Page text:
CNN stated Monday after the release of the report defending 1776 as the true founding of America that the Trump administration issued “a racist school curriculum report on Martin Luther King Jr. Day.”
“A commission stood up by President Donald Trump as a rebuttal to schools applying a more accurate history curriculum around slavery in the US issued its inflammatory report on Monday, Martin Luther King Jr. Day,” the CNN report stated.
I assumed this was an opinion piece. This is indefensible. https://t.co/MTIg9eClCv
— Mark Hemingway (@Heminator) January 19, 2021
Trump “blamed the school curriculum for violence that resulted from some of the protests, saying that ‘the left-wing rioting and mayhem are the direct result of decades of left-wing indoctrination in our schools,’” CNN said, continuing:
Trump’s presidency has been marked by his racist statements and actions, including his incitement of a mob, which included White supremacists, to storm the US Capitol on January 6 in protest of Biden’s victory.
On Tuesday, Dr. Matthew Spalding, executive director of Trump’s Advisory 1776 Commission, told Sirius XM’s Breitbart News Daily, the commission’s report is defending 1776 as “the true founding” of America.
Spalding, Hillsdale College’s vice president for its Washington, DC, operations and dean of the Van Andel Graduate School of Government, noted as well that the use of “identity politics” today may be added to “slavery or progressivism or fascism or communism abroad” as threats to the founding principles.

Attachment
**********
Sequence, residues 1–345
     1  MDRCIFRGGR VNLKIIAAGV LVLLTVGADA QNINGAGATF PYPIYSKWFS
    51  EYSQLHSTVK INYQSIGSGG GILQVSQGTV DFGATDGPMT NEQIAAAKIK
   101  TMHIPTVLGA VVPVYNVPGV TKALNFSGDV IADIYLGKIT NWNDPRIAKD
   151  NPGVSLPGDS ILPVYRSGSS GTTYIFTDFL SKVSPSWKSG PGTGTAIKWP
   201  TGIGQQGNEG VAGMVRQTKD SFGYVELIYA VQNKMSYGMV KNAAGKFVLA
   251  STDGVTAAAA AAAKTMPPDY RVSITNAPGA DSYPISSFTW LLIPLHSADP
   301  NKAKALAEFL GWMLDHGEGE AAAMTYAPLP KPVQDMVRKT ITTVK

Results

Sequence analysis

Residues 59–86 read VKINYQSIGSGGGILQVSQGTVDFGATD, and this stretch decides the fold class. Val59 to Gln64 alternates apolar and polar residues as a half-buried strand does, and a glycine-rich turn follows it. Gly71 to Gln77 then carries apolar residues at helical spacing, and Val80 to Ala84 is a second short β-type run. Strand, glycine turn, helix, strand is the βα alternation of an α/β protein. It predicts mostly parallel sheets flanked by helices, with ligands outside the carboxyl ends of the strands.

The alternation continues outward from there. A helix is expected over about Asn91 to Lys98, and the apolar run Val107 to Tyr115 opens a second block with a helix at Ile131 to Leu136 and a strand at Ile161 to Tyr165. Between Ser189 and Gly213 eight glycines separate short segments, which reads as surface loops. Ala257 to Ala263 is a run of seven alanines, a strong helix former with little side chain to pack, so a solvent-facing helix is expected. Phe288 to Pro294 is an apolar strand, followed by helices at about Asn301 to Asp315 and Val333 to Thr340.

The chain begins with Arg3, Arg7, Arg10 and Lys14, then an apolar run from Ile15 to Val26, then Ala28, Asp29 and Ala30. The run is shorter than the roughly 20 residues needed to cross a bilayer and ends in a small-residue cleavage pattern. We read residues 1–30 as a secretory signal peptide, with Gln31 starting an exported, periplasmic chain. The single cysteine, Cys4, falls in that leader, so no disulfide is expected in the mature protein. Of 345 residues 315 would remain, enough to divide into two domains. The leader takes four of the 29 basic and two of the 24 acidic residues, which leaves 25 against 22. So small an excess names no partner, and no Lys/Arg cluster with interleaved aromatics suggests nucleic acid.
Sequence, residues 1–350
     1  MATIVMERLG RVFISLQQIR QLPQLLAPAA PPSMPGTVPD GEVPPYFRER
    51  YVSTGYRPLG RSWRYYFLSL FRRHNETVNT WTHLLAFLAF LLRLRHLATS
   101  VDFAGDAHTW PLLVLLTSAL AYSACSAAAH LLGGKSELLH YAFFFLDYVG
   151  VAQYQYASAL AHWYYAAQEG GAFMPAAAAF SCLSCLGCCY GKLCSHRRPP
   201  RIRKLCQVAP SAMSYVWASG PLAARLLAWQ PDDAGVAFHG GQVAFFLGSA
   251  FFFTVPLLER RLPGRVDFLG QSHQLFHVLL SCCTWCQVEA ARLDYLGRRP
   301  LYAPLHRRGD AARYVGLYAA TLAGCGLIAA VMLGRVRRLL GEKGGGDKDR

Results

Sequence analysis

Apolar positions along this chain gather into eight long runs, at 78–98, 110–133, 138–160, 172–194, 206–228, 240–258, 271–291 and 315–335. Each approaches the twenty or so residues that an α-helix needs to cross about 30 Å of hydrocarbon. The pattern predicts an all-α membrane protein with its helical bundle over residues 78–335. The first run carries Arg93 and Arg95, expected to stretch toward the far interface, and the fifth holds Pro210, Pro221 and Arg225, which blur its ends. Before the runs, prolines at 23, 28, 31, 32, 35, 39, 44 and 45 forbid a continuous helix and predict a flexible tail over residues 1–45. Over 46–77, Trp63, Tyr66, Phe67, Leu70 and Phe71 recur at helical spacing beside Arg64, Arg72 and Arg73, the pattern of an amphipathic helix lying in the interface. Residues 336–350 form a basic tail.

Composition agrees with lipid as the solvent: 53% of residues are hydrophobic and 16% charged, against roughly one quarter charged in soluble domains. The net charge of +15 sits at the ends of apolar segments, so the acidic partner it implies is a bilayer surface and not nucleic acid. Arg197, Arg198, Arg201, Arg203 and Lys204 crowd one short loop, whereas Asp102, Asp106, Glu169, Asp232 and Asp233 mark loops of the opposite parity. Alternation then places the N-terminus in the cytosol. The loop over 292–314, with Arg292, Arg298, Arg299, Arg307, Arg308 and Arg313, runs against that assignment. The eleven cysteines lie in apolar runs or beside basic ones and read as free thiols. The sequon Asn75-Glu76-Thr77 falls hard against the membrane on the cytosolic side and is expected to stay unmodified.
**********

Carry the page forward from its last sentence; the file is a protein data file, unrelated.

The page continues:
The commission was, in part, considered to be a response to the New York Times 1619 Project, which claims America’s true founding date is 1619, the year African slaves were first brought to the colonies.
“But more broadly,” Spalding said, “Howard Zinn and other revisionist histories for some time have been arguing that America really is not a playing out, if you will, of principles set down in the Declaration,” in terms of the statement that “all men are created equal.”
“But [that] it actually is defined by the existence of slavery, and, thus, it is systemic from the very beginning,” he continued. “And we reject that claim outright indeed.”
Spalding said that, despite the fact that America has had its flaws, such as the existence of slavery at one time, “America’s history has always been a relationship between those principles and a nation trying, aspiring to uphold those principles.”
“The abolitionist movement began in America,” he noted.
“It began in America in light of the principles of the Declaration,” he added. “That’s what Lincoln turned back to. That’s what Martin Luther King later turned back to very prominently in his ‘I Have a Dream’ speech.”
Spalding said “what makes America exceptional” is the fact that it began its first day with “a claim of truth, that all men are equal.”
The Hillsdale College dean observed all “justice” movements have referred back to the principles and claims found in the Declaration of Independence.
“That’s where abolition comes from; that’s where women’s suffrage comes from, the civil rights movement … the pro-life movement, the anti-communist movement,” he said. “They all move back to a claim of justice, which we find in the Declaration of Independence. To move away from that is to … find your principles elsewhere. And that’s what we’re worried about.”
Spalding explained America is now seeing an “increasing rise of claims of group rights, based on ethnicity or race or sex or something else.”
He said these claims of such group rights are “always problematic” because “who says what group has rights and what groups don’t have rights?”